Iraq's parliament passed a long-delayed law yesterday paving the way for the planned January election to go forward, sidestepping a crisis that could have delayed the US troop withdrawal. The head of Iraq's electoral commission quickly proposed Jan. 21 for the election, five days after the earlier scheduled date. The American ambassador said the troop drawdown will start in earnest about 60 days after the vote.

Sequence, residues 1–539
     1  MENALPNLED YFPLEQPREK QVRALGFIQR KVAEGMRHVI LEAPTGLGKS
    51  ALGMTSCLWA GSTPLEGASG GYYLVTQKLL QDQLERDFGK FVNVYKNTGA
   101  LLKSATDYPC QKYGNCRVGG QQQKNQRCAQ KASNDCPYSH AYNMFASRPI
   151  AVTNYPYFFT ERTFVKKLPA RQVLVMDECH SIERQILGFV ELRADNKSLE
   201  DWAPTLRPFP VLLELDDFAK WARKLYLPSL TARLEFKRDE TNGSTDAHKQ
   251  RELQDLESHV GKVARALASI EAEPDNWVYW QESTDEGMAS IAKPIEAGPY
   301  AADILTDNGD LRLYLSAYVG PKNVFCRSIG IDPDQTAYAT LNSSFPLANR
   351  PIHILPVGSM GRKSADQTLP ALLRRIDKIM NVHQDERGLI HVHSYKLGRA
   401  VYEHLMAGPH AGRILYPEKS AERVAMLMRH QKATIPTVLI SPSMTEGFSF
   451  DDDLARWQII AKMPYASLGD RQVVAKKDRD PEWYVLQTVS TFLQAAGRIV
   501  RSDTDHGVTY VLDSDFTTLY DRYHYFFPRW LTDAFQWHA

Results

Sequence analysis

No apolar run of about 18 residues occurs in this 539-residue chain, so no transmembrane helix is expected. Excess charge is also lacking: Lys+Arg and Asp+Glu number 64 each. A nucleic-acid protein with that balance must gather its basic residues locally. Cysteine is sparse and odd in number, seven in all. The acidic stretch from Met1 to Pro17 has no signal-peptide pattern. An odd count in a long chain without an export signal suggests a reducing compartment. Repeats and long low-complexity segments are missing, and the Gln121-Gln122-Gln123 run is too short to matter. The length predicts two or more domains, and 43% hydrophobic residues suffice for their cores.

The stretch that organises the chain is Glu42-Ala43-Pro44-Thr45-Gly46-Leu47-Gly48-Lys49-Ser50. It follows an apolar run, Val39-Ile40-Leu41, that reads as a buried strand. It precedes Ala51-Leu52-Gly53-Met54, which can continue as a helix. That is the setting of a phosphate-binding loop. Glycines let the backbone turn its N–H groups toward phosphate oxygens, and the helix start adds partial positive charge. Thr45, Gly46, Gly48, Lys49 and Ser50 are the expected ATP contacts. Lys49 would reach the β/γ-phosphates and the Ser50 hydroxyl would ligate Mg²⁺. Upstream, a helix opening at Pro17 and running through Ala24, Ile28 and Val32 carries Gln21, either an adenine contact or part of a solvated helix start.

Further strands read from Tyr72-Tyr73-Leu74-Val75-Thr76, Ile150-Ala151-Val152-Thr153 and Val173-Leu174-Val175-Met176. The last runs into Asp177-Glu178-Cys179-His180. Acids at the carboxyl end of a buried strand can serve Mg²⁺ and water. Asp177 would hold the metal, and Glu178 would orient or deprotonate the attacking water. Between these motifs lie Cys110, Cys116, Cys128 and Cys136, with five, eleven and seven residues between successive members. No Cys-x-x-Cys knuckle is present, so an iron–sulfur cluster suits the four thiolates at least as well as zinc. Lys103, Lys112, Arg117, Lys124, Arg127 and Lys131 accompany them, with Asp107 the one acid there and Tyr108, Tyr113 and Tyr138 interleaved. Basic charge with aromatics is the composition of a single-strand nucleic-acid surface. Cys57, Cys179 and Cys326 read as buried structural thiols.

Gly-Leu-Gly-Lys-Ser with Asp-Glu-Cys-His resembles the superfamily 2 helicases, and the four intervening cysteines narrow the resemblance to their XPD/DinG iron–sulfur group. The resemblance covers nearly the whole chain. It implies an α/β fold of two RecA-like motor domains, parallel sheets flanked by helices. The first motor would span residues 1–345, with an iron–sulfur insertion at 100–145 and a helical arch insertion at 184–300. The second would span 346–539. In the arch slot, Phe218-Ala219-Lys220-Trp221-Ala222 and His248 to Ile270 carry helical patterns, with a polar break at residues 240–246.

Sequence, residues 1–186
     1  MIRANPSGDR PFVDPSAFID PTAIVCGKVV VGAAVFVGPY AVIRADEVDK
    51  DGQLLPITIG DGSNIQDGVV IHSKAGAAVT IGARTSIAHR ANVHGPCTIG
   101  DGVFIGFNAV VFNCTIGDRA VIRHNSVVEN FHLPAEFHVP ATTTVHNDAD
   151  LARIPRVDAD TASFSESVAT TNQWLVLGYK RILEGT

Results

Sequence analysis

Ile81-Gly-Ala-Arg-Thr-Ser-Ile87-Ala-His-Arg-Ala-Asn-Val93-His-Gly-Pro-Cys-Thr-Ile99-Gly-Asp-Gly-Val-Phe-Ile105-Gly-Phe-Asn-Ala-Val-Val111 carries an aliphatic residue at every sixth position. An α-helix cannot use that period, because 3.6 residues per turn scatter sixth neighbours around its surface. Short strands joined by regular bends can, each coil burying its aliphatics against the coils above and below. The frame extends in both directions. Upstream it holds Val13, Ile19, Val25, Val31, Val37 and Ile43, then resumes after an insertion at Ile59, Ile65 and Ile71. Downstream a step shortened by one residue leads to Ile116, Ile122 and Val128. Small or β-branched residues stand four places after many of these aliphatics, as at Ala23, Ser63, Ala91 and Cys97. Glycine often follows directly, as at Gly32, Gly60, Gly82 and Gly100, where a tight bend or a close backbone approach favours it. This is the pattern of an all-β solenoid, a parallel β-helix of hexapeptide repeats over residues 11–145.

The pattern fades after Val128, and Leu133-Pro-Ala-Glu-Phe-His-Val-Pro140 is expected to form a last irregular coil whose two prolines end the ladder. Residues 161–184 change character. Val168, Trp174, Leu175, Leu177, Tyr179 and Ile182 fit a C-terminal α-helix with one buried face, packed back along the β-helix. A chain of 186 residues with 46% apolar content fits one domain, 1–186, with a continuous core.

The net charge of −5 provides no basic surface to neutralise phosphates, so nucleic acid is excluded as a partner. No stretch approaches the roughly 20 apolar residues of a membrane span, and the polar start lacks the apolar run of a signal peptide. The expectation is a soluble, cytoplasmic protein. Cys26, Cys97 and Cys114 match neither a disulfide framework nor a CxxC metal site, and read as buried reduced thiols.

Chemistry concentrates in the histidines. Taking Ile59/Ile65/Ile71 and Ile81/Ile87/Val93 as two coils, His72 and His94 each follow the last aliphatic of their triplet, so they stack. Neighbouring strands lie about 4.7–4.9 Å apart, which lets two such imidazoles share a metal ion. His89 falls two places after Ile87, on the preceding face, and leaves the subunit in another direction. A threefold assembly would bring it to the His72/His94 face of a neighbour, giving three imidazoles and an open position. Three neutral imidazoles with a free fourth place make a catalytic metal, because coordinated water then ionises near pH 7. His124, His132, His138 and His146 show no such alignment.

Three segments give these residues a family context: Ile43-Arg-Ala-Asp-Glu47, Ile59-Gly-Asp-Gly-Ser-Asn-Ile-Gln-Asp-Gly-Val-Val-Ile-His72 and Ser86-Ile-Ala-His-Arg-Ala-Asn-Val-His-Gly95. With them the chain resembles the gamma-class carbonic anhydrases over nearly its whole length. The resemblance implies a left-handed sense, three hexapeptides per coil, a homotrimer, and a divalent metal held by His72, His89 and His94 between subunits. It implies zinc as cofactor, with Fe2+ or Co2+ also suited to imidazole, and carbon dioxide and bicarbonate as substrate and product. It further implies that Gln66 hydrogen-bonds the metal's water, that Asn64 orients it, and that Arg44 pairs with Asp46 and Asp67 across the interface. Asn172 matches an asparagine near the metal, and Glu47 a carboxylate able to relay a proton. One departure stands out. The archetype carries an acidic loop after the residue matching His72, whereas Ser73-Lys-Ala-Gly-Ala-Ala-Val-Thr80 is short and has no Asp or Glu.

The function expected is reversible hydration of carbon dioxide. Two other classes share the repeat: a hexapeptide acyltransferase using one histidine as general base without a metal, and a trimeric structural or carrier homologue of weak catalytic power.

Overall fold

The election law's passage appeared to resolve a key sticking point—who will be allowed to vote in the disputed, oil-rich city of Kirkuk. Under the legislation, the vote in Kirkuk would be held just like in other regions around the country, but the votes—and those in other disputed areas —could be subject to a special review if it is determined that there was a large population increase. Arabs and the Turkomens claim Kurds have packed the city with immigrants to tip the balance in their favor.